Connecting Authentic Movement with Other Practices to Transform Trauma

By Aileen Crow

Authentic Movement has many different ways of being understood and practiced. To me, the spontaneous movement of Authentic Movement leads us to our inner wisdom and creativity. And of course, there are many other practices using various sensory modes that also take us there. Some of them are Mindell’s Process Work, Jung’s active imagination, sounding or music, art-making and Focusing. These practices and others, such as Neuro-Linguistic Programming, meditation and Ericksonian Hypnotherapy can lead us to our inner resources.

One inner resource is our natural or learned ability to witness ourselves and reframe projections. My interest lies in finding how to use these practices to uncover and resolve trauma. Though I use many others, here I will present my work using Authentic Movement with Eugene Gendlin’s Focusing, Arnold Mindell’s Process Work, DePalo Gyrontonic®, Shirley Turcotte’s Trauma Therapy, Virginia Satir’s Parts Parties and art.

I realize what I’m presenting here is far from simply Authentic Movement as I learned it—and as some of you may practice it. But I’ve had a long time to learn many systems and practices, and I’ve enjoyed comparing them and putting them together for myself. (For more about that, see A Moving Journal Summer 2001.) This is my way. I trust you are finding your own way.

Working with Trauma

I believe our “whole self” contains the inner wisdom, creativity, and natural vitality that survive—often even thrive—in spite of trauma. It contains our talents and resources, as well as parts of us that have been damaged by trauma. Traumatic events can result in aberrant movement patterns which reveal emotionally disturbed behaviors and beliefs.

We all have many different personality parts or aspects of ourselves. I’ve made forty small sculptures of my own various parts. Some are benign and some are trauma-derived. All the parts in this article are parts of myself, discovered through spontaneous movement exploration.

Following are explorations of trauma-related parts of me. They are my right shoulder and her interfering behavior, a twisting theme, and another part who is addicted to chocolate mint. First, let me tell you about my right shoulder.

My Right Shoulder

Fabric Collage by Aileen

My right shoulder has a mind of its own. For the last year or so it has been obstreperous, interfering with the Gyrotonic® movements my movement coach, and former leading Graham dancer, Jennifer DePalo teaches me to do. For instance, when she’d try to get me to do an arch of my spine, my right shoulder would want to dominate the action—I’d use it more than necessary in doing the movement. Inappropriately, it seemed to come bossily forward. I was annoyed, but curious. Since I couldn’t inhibit this, I decided to “go into it”. I allowed it to move spontaneously like in Authentic Movement, while on the verbal channel, I allowed  it to “talk” as I moved.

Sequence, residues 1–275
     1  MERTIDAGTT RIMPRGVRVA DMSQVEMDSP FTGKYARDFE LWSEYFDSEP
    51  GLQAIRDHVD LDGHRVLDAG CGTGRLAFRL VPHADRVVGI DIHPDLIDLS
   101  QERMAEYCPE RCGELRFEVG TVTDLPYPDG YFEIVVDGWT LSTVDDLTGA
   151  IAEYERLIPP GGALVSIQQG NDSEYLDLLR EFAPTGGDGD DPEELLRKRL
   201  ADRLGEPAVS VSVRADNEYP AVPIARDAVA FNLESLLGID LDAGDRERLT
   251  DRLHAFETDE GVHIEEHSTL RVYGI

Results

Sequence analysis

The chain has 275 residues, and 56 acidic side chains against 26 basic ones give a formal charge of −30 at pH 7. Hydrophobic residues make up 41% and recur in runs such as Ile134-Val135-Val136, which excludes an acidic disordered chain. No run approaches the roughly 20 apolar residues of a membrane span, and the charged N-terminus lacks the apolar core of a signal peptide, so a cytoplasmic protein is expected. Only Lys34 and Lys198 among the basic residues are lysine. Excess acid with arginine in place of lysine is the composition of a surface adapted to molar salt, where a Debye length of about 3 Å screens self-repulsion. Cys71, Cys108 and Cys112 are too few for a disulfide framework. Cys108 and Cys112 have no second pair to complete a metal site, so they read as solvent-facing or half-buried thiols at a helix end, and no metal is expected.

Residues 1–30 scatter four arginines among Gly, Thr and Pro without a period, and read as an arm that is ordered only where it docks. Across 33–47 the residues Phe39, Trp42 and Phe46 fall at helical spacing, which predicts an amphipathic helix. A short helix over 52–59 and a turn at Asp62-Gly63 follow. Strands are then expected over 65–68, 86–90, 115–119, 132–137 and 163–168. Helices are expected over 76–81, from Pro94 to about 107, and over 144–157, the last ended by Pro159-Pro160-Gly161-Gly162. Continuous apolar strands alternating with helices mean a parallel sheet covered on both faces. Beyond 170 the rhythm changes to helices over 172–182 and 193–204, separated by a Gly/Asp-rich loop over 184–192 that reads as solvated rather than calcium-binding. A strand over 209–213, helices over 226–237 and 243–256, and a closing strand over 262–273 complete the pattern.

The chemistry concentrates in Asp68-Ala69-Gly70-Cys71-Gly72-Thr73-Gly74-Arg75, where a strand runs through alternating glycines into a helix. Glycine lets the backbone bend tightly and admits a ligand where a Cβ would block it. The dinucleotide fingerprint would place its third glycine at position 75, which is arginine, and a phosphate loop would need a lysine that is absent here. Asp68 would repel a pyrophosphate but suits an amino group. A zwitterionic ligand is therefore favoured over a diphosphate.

What developed was that I played both my Right Shoulder and my Witness/Listener. I moved as each one as they dialogued.

Witness/listener:(Curious) So, what do you want? What’s this all about?

Right Shoulder:(Blaming) You’re trying to get rid of me. I’m feeling unloved, unwanted and unappreciated. I feel I’m being kicked out, after all these years of faithful service—like a workhorse slaughtered for glue—no retirement, no pension, reward, or praise. I’m hurt.

Witness/Listener:(Softening) You certainly deserve recognition for what you’ve done. You’re sensing that you may be losing your job. What do you need as a reward for your service? What would satisfy you?

Right Shoulder: Praise. Soft, loving massage. My portrait painted as the main protector of a cowering crew, taking care of them, keeping them from getting hit. Like the three of us huddling at the foot of the stairs in the basement with Daddy raging drunk upstairs.

Kids Huddling in the Basement

Witness/Listener: This is clearly bringing up a traumatic memory.

Right Shoulder: Yes. What I want is for you to say to me, admiringly, “You poor thing!”

Witness/Listener: You want to hear, “You poor thing,” said to you admiringly, not with pity or solicitude. You poor thing!

Right Shoulder: Right.

Witness/Listener: You were all terrorized by your father with no one there to protect you.

Right Shoulder: Except ME!

Protective Right Shoulder

Authentic Movement and Solo Focusing

One practice I’ve been developing for myself to work with trauma combines Authentic Movement with Solo Focusing. When we explore some troubling issue, often trauma-derived, by personifying it—acting it out in Authentic Movement, Focusing, making art of it, or some other practice—we gain information necessary to our lives. Focusing adds a complementary verbal-sensory mode to the mostly non-verbal Authentic Movement. In Focusing, we wait for the most significant words to arise.

In Authentic Movement there is a “mover” who follows inner sensation into spontaneous movement, and there is an “external witness”, who—with experience—develops into a trusted “internal witness”. This “inner witness“ has physical and emotional empathy with the mover. As Eileen Kelly, Authentic Movement group leader says, “There is a mover within the witness, and a witness within the mover.”